Sleep much? Board finds that dozing off on the job is not willful misconduct

April 24, 2016 0 COMMENTS

by Avneet Jaswal

Can an employer terminate an employee for sleeping on the job on multiple occasions? The Ontario Labour Relations Board concluded that such behavior may give rise to just cause for dismissal. Can sleeping on the job amount to “willful misconduct” eliminating the employer’s obligation to pay statutory notice and severance amounts? Well, that depends. read more…

‘You’re fired’—for watching TV too much

March 27, 2016 0 COMMENTS

by Sophie Arseneault

Canadian employment law does not recognize “at will” employment. An employer requires “just cause” to terminate someone without severance pay. Can you have a just cause termination for a 26-year employee with a previously clean employment record? read more…

A slo-pitch: Playing baseball when ‘sick’ = cause for termination

March 29, 2015 0 COMMENTS

by Kyla Stott-Jess

Unexpected employee absences from work can be difficult for employers. Customer service may be compromised. Others’ jobs need to be adjusted. And an employer’s trust in the employee can be damaged. So can an employer terminate an employee for lying about the reason for an absence? read more…

Dishonesty: When can you fire someone for it?

February 01, 2015 0 COMMENTS

by Lindsey Taylor

The British Columbia Court of Appeal recently reaffirmed that dishonest conduct may be just cause for dismissal without notice. Or it may not. To determine if it is just cause, the conduct must be assessed looking at the whole context of the employment relationship. read more…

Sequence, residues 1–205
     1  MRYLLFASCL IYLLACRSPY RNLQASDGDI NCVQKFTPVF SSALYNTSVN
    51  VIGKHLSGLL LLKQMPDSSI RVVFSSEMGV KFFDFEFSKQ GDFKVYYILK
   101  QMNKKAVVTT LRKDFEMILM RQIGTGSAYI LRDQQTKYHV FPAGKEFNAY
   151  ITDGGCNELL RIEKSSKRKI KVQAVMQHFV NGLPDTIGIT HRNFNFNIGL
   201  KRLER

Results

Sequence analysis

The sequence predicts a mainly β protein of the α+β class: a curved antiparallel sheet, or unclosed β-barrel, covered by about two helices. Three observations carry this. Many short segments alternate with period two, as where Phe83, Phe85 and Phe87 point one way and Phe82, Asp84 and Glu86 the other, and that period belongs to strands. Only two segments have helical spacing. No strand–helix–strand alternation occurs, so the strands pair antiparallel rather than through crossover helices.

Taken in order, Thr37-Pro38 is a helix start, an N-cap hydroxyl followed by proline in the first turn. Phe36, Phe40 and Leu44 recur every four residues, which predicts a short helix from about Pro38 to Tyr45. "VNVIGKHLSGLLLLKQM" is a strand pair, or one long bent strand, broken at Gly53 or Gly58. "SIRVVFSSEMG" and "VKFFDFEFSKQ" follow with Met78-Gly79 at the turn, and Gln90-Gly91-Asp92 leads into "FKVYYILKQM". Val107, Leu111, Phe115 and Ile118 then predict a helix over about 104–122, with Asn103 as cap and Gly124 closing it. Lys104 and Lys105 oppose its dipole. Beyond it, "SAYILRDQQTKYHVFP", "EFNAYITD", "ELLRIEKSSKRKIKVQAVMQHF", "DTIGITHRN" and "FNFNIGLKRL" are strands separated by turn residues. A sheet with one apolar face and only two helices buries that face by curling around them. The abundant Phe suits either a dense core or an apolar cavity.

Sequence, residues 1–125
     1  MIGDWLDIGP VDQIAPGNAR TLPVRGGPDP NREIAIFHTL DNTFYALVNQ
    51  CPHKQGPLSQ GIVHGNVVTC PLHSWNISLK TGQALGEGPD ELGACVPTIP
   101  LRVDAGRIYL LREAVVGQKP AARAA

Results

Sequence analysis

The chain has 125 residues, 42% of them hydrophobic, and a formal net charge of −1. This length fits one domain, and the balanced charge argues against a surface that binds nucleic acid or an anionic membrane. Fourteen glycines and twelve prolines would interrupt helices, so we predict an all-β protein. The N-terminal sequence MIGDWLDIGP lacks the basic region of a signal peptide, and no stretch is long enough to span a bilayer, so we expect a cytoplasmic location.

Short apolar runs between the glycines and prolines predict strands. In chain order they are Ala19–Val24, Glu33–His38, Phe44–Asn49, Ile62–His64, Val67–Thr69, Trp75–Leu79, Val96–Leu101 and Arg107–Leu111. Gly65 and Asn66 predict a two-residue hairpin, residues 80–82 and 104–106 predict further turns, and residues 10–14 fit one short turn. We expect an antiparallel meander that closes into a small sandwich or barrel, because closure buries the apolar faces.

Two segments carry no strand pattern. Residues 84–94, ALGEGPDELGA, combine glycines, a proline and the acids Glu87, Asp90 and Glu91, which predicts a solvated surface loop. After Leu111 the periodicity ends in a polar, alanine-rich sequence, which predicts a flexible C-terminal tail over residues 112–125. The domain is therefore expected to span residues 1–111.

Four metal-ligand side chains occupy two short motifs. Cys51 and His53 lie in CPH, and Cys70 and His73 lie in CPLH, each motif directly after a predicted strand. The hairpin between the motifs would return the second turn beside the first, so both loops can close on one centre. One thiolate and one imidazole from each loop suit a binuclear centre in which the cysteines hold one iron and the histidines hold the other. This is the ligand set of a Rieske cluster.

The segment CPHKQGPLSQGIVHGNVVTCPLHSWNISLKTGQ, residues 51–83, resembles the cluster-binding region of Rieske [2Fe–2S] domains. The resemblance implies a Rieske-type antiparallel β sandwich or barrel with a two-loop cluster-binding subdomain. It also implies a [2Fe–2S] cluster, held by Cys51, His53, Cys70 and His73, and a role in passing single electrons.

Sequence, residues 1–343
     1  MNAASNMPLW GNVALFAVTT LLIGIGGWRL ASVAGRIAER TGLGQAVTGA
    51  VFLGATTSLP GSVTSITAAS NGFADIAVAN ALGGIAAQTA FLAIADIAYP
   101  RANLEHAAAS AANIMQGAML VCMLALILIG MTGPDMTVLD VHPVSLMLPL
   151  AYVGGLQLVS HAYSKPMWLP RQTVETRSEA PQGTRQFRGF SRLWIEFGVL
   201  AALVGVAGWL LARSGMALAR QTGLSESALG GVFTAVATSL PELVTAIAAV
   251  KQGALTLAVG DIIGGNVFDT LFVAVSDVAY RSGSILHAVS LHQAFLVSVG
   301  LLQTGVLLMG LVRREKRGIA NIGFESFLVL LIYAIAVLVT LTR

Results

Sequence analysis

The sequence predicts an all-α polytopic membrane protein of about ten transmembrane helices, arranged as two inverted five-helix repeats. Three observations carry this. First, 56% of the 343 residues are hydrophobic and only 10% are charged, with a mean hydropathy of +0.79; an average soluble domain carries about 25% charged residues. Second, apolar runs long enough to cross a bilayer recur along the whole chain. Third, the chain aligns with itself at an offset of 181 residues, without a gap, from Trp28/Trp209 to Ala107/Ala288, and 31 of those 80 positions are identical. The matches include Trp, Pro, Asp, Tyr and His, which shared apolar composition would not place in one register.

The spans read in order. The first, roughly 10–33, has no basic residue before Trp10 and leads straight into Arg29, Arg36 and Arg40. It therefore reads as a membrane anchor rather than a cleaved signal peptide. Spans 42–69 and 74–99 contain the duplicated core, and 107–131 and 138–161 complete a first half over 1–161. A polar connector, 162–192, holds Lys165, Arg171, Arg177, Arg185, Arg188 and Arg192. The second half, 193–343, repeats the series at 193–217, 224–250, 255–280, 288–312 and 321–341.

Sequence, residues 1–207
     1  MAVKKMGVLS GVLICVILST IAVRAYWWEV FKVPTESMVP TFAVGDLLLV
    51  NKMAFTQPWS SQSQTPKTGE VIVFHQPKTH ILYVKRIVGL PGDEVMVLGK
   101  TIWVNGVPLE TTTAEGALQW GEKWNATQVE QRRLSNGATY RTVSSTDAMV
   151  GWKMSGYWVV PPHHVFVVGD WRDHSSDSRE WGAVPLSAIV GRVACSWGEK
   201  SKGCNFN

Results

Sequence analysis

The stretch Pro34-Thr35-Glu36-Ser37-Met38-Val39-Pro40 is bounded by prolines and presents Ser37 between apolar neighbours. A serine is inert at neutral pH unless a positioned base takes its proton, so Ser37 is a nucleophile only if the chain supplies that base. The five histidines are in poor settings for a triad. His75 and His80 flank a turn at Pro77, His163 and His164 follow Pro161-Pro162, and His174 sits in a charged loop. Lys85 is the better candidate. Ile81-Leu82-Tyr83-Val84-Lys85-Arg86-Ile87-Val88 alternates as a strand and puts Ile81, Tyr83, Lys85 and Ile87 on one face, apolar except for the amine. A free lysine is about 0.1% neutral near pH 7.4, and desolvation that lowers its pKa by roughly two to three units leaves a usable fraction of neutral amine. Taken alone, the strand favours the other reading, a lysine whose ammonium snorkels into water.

Court upholds just-cause termination based on misconduct discovered post-termination

July 27, 2014 0 COMMENTS

by Hannah Roskey

In a recent decision, a Canadian appellate-level court confirmed that employee misconduct discovered after a without-cause termination may be relied upon by an employer in support of a later argument of just cause for termination. read more…

Can you keep a secret? Court upholds termination for breach of confidentiality

January 26, 2014 0 COMMENTS

By Hannah Roskey

When will an employee’s breach of confidence justify immediate dismissal under Canadian law? A recent decision by the British Columbia Supreme Court demonstrates that clearly drafted employer policies intended to protect confidential information can indeed be strictly enforced. In Steel v. Coast Capital Savings Credit Union, the court upheld the dismissal of a 20-year employee for cause in response to her breach of confidentiality and privacy policies. read more…